'What A Horse' seeks city funding
A supporter of the Celebration told Shelbyville City Council that the recent controversy surrounding soring and inspections of walking horses is having an enormous negative impact on the region's economy.
And unless something is done, he said, this situation could get much worse for the county.
Jerry Harris appeared before the city council Tuesday night to request sponsorship for the cable TV show "What A Horse."
He proposed a sponsorship split with the city and county of $6,000 per year each for the show, which is shown on Charter Cable Channel 6, as well as on stations in Kentucky, Alabama and on the Internet.
Harris said that sponsoring the show would help promote Bedford County and the walking horse industry. He said they want to boost attendance at horse shows, get more people interested in the industry and "bring business back to Shelbyville."
He said that the walking horse industry not only brings in millions of dollars to Shelbyville during the Celebration, but also supports smaller shows, horse sales and the purchase of real estate in the area.
The show would promote both the city and the county, Harris said.
Funds "way off"
Harris said the controversy over walking horses has created a negative impact on the economy of both the city and the county.
"Barns, horses are selling, people getting out of the industry," Harris said. "A lot of charities are 40 percent off (of their fundraising) and business are 30 to 71 percent off of their business from last year and the year before."
A large amount of money from the Celebration goes to organizations like 4-H, girls soccer, the Lions Club, Rotary, Kiwanis, the VFW, the Tony Rice Center, Relay for Life, and others, Harris said, and their funds are "way off."
"Used to be, when you went to the Celebration, the seats were full. That's not true anymore."
Harris spoke of a field on U.S. 41, where a breeder operates, that used to be full of horses, and "now there are only one or two."
Many businesses are dependent on the horse industry, and their sales are way down as well, which also impacts property taxes, Harris said.
"What I'm hearing," said councilman Al Stephenson, "is until they stop soring these horses, we ain't going to have a horse show."
Stephenson pointed out that at the recent Trainers' Show, there were only two to three horses in each class.
Harris said the industry had a problem in the past with soring that had been "ongoing for years."
"There's a new sheriff out there," Harris said, referring to new Celebration CEO Doyle Meadows. "(Meadows) is not going to put up with it. Dr. Mullins is not going to put up with it. Dr. Bennett is not going to put up with it."
Harris said that it isn't the professional trainers, but amateur trainers who are causing the problems.
"Out of the tickets we got this past weekend, 75 percent of them [are] not the trainers, it's the individuals who bring horses," Harris said.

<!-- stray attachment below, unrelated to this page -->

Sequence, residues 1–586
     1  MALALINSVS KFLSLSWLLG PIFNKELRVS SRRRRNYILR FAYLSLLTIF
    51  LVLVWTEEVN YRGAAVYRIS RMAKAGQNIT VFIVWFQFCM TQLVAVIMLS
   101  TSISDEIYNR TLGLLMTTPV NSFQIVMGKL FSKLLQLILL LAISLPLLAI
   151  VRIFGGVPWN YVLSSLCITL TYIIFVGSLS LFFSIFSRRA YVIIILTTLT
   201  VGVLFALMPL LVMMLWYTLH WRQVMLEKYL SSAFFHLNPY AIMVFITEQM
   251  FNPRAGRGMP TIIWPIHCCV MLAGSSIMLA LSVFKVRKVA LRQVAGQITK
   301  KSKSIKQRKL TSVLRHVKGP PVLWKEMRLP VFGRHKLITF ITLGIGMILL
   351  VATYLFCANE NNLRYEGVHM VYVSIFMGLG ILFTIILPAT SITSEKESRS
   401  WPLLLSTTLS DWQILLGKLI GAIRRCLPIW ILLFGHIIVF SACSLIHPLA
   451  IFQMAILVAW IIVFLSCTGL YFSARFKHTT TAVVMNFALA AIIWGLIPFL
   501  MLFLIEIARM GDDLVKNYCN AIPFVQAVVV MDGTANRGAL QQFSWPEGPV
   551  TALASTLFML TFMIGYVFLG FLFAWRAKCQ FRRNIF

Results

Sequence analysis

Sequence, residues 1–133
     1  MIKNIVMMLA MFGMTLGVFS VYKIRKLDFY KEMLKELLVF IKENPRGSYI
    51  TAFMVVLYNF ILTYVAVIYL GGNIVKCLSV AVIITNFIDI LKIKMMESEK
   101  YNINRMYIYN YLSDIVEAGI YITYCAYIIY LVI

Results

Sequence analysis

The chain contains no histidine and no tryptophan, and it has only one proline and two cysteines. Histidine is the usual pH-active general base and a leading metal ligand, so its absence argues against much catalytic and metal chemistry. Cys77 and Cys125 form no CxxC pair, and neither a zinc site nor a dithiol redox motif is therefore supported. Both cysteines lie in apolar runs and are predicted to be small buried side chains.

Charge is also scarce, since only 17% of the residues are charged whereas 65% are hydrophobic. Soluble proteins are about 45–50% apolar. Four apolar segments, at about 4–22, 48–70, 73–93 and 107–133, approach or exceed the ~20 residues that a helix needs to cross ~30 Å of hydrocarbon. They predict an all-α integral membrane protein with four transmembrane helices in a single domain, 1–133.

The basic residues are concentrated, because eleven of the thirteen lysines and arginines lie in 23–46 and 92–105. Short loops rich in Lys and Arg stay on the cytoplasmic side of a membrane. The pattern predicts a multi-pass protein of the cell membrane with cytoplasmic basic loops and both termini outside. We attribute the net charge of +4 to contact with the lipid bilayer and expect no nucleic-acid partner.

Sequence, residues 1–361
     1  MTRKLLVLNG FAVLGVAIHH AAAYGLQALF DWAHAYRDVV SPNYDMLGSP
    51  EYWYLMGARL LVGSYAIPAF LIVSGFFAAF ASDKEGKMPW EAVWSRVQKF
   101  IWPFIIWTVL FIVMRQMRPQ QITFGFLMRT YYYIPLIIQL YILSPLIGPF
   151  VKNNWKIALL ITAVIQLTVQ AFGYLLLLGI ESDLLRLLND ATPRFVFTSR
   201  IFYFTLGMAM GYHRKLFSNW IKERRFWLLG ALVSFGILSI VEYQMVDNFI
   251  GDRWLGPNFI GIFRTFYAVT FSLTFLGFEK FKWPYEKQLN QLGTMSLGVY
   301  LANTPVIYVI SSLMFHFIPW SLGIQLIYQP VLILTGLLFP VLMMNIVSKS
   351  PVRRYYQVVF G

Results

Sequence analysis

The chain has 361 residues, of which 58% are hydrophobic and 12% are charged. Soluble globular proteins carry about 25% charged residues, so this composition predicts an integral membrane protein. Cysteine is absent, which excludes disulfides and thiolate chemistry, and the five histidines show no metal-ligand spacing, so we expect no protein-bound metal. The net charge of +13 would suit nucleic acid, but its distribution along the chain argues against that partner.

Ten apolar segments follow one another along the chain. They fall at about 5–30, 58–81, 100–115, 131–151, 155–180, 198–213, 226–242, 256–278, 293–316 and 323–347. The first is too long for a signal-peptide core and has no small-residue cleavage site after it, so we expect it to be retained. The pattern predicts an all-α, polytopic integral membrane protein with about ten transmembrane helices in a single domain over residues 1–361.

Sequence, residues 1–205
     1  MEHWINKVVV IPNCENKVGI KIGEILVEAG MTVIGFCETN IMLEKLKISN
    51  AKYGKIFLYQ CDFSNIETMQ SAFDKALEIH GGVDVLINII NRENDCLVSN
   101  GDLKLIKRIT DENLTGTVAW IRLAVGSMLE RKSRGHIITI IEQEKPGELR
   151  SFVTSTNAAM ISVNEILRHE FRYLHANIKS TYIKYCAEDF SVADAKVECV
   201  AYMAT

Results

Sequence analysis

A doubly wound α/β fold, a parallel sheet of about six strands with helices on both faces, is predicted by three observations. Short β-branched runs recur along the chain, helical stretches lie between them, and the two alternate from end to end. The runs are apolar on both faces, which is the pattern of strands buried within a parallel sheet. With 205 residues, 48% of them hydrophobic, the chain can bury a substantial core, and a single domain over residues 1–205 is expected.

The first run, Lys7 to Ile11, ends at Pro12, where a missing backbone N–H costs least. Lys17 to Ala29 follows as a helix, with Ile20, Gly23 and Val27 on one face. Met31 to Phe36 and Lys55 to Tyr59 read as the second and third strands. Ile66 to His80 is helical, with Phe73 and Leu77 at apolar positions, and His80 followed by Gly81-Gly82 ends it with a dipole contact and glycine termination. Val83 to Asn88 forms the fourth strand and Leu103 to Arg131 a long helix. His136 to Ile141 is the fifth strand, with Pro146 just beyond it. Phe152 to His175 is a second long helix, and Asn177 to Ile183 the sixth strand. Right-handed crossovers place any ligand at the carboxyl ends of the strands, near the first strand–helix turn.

Harris also said there is a problem with horses that come from Kentucky. He said he recently went to a Kentucky HIO (sanctioned) show "and I'll never go back to another one.
"If you go to shows now, you're going to see good compliant horses," Harris said.
Because of the soring controversy, Harris said his show has lost a lot of sponsorships and he and his business partners are financing the production themselves because they have contacts for airtime on channels all over Tennessee.
Harris also said he "doesn't put a whole lot of stock in government inspectors," adding that he has been shooting video of the horses and the inspections.
"They will turn down a horse that is compliant," Harris claimed. "We've proven it."
Harris claimed that there was no one horse turned down at the Trainers' Show where two VMO's (veterinary medical officers) agreed there was a violation. "Every ticket they gave, as far as I'm concerned, they're illegal. They would not have a second opinion," Harris said.
He said one horse was turned down Thursday night, which returned to win on Friday, but was given another ticket Saturday night.
Problems with inspectors?
Harris blames the problem with the inspections on "overzealousness ... or people just plain trying to ruin something's that good."
He said one horse that was given a "scar" ticket in Shelbyville was later inspected in Kentucky at a facility that he described as "the Vanderbilt Medical Center for horses" and nothing was found to be wrong with the animal.
Harris said, "I don't know whether it's some of them (the inspectors) just wanting to find something or..."
"Maybe they just want to ruin the industry," Stephenson said. "That's what I believe. They're bringing all these machines down here and they've got to find something wrong."
"It's ridiculous some of the stuff they will do," Harris said, adding that he has video proof of all of his accusations. He said a DQP (designated qualified person) would find a problem with a horse that a VMO can not detect.
"The VMO will say 'there's nothing wrong with your horse but the DQP is writing you up,'" Harris said.
Stephenson said people are becoming afraid to bring their horses to the shows because of the issues with the inspections.
Others are currently working to make the inspectors more accountable, Harris said.
Harris said that things are looking better for the industry, "but it's going to take some time."